He longer in this paradise to dwell
Permits not; to remove thee I am come,
And send thee from the garden forth to till
The ground. John Milton, Paradise Lost, b. xi.
Whether he will remove his contemplation from one idea to another, is many times in his choice. John Locke.
You, who fill the blissful seats above!
Let kings no more with gentle mercy sway,
But every monarch be the scourge of God,
If from your thoughts Ulysses you remove,
Who rul’d his subjects with a father’s love. Alexander Pope, Odyssey.
They are farther removed from a title to be innate, and the doubt of their being native impressions on the mind, is stronger against these moral principles than the other. John Locke.
A short exile must for show precede;
The term expir’d, from Candia they remove,
And happy each at home enjoys his love. Dryden.
How oft from pomp and state did I remove
To feed despair. Matthew Prior.
to move away from the position occupied; to cause to change place; to displace; as, to remove a building
to cause to leave a person or thing; to cause to cease to be; to take away; hence, to banish; to destroy; to put an end to; to kill; as, to remove a disease
to dismiss or discharge from office; as, the President removed many postmasters
to change place in any manner, or to make a change in place; to move or go from one residence, position, or place to another
the act of removing; a removal
the transfer of one's business, or of one's domestic belongings, from one location or dwelling house to another; -- in the United States usually called a move
the state of being removed
that which is removed, as a dish removed from table to make room for something else
the distance or space through which anything is removed; interval; distance; stage; hence, a step or degree in any scale of gradation; specifically, a division in an English public school; as, the boy went up two removes last year
the act of resetting a horse's shoe
Etymology: [OF. removoir, remouvoir, L. removere, remotum; pref. re- re- + movere to move. See Move.]
Chambers 20th Century Dictionary
rē-mōōv′, v.t. to put from its place: to take away: to withdraw: to displace: to make away with.—v.i. to go from one place to another.—n. any indefinite distance: a step in any scale of gradation, as promotion from one class to another, also a class or division: a dish to be changed while the rest remain: (Shak.) the raising of a siege, a posting-stage.—n. Removabil′ity.—adj. Remo′vable, that may be removed.—adv. Remo′vably.—n. Remo′val, the act of taking away: displacing: change of place: a euphemism for murder.—adj. Removed′ (Shak.), remote: distant by degrees of relationship.—ns. Remo′vedness (Shak.), the state of being removed: remoteness; Remo′ver, one who removes: (Bacon) an agitator.—Removal terms (Scot.), Whitsunday and Martinmas. [O. Fr.,—L. removēre, remōtum—re-, away, movēre, to move.]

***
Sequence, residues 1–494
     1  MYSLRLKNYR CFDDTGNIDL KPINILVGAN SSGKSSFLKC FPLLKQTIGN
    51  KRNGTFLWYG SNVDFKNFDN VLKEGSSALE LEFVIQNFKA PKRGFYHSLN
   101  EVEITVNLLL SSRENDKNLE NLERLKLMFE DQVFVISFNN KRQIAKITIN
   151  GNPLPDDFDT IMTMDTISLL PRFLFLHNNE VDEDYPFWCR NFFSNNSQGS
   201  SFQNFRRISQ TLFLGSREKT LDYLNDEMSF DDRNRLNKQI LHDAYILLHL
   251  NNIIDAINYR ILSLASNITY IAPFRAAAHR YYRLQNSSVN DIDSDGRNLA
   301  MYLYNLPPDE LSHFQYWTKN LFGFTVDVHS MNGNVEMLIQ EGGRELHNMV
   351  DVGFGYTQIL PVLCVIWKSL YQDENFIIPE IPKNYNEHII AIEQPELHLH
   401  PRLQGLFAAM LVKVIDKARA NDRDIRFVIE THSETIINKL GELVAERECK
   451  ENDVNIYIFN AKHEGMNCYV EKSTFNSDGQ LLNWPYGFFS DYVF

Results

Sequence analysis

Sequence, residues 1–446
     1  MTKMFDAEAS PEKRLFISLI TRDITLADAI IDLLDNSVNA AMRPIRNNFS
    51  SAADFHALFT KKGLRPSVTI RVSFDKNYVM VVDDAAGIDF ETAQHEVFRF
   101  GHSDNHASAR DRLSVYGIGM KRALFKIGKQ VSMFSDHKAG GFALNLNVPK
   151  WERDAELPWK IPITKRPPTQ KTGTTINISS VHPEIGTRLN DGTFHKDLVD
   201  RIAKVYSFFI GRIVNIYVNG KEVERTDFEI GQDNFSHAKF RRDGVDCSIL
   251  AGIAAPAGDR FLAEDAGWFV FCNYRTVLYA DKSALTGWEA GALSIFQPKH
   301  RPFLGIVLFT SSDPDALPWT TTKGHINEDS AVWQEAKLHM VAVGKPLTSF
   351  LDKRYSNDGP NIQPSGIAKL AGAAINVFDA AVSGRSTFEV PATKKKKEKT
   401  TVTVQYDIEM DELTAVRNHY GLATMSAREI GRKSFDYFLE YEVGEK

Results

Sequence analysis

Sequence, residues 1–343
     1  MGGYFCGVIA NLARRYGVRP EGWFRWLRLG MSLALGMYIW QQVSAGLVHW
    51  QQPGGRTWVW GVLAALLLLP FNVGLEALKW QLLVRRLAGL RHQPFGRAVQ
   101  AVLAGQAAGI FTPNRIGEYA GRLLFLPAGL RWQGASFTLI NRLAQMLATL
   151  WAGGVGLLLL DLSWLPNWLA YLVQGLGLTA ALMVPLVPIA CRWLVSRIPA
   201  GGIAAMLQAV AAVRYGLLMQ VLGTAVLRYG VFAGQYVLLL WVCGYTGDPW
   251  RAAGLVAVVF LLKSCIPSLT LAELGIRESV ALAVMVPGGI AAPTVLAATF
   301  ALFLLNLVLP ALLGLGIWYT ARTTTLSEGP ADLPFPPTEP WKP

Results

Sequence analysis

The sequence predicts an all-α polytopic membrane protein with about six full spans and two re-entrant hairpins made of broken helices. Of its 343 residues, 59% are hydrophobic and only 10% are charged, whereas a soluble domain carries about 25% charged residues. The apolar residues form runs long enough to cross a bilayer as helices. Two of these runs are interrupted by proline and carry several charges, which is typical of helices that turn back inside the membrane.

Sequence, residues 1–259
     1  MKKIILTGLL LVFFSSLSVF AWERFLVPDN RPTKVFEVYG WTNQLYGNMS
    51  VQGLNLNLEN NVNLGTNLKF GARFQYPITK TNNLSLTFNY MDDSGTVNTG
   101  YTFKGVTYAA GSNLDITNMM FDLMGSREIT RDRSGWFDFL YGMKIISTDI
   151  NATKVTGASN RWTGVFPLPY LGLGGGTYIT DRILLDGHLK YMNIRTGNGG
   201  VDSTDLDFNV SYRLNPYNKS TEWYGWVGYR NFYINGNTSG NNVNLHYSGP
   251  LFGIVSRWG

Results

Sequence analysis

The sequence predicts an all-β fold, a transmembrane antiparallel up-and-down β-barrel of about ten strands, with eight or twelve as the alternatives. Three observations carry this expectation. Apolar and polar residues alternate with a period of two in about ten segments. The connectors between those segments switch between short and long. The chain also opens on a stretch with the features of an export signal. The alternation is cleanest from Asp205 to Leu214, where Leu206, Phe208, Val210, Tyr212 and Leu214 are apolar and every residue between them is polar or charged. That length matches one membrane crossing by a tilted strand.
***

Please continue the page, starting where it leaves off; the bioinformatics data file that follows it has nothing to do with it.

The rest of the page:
British National Corpus
Spoken Corpus Frequency
Rank popularity for the word 'remove' in Spoken Corpus Frequency: #2587
Written Corpus Frequency
Rank popularity for the word 'remove' in Written Corpus Frequency: #3715
Rank popularity for the word 'remove' in Verbs Frequency: #196
The numerical value of remove in Chaldean Numerology is: 2
The numerical value of remove in Pythagorean Numerology is: 6
Dance is the place that you visit to remove any anxiety while moving to your favorite melody
The Secretary of State has attempted to remove me from the ballot in this year's governor's race. This is a decision grounded in politics, not precedent. The law is clearly on our side. Our campaign will challenge this decision in court, and we will win.
The government has to not just address it but deal with it, identify the ghost workers, take sanctions against those who are responsible, remove those names from the list, clean up the database and stop these leakages.
As long as there's no lethal removal of bison, our ability to remove them is greatly diminished.
( The agreement) does not remove any regulatory risk as the approval has still not yet been received.
Popularity rank by frequency of use
Translations for remove
From our Multilingual Translation Dictionary
- نقل, أزالArabic
- treureCatalan, Valencian
- odebrat, odstranitCzech
- entfernen, verdrängen, umziehen, beseitigenGerman
- remover, quitarSpanish
- हटाना, अलग करनाHindi
- eltávolít, elmozdítHungarian
- portare via, eradicare, asportare, rimuovere, togliere, allontanare, levare, estirpareItalian
- 移す, 取り去る, 退ける, 除くJapanese
- لابردن, جولاندنKurdish
- verwijderen, weghalenDutch
- odjąć, usuwaćPolish
- îndepărta, scoateRomanian
- убирать, устранять, УдалитьRussian
- istejare, iscotare, istesare, trancireSardinian
- avlägsna, ta bortSwedish
- తీయు, తొలగించుTelugu
- віднести́, відноси́тиUkrainian
- chuyển đi, dọn điVietnamese
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"remove." Definitions.net. STANDS4 LLC, 2023. Web. 6 Feb. 2023. <https://www.definitions.net/definition/remove>.